Leptospirosis or Lepto for short is a bacteria that is transferred from infected to animals (usually rodents) to our pets. Our pets can be infected by ingesting the organsism from the environment- usually from standing water.
Veterinarypartner.com is not affiliated with Farrell Veterinary PC
Lyme disease is becoming increasingly more prevalent in our area as the tick population increases. Here is a link to an educational article about Lyme disease and your pet.
Veterinarypartner.com is not affiliated with Farrell Veterinary PC
Your veterinarian may have mentioned looking for an AAFCO label on your pet food. Here is a link to an educational article on what AAFCO stands for and why we are looking for it on our pet's food bag.
VeterinaryPartner.com is not affiliated with Farrell Veterinary PC.
Instead of a standard needle and syringe to administer insulin, your veterinarian may have offered an injection pen for you and your pet. Here is a video on how to use the Caninsulin VetPen. https://www.youtube.com/watch?v=Tlt6GpUHMgw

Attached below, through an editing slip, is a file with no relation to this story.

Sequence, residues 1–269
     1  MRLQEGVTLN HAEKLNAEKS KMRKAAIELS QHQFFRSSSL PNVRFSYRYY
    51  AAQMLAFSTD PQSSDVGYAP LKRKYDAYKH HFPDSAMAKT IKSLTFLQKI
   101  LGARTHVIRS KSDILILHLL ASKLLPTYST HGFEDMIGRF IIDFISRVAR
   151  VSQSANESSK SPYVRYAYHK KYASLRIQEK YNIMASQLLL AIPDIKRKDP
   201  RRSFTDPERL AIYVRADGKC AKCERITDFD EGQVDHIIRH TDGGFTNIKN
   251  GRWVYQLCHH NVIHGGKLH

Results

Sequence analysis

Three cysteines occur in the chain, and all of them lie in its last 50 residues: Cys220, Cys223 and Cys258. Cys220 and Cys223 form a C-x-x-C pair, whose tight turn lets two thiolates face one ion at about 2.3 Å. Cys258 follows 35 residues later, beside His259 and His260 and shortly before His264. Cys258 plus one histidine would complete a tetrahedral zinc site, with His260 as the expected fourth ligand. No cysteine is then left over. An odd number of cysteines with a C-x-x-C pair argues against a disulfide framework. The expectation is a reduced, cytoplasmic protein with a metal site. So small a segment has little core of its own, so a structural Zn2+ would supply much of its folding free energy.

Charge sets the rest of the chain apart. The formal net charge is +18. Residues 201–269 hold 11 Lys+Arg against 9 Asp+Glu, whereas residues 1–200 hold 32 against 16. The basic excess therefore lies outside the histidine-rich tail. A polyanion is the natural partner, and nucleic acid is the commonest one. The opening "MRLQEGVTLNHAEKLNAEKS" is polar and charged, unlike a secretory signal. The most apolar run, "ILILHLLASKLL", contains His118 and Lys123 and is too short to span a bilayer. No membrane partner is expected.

Reverse Sneezing can look quite alarming in your pet. It usually presents as a strange honking sound and what looks like respiratory distress. Reverse sneezing is a benign condition however startling it may look. It is caused by irritation in the back of the nose and soft palate causing spasms. Here is a link to a video to demonstrate: https://www.youtube.com/watch?v=OMwbkggmZwU
Farrell Veterinary Professional Corp
Fenelon Animal Clinic: 474 County Rd 121, Fenelon Falls, ON
Victoria Vet Services: 86 Russell St W Lindsay, ON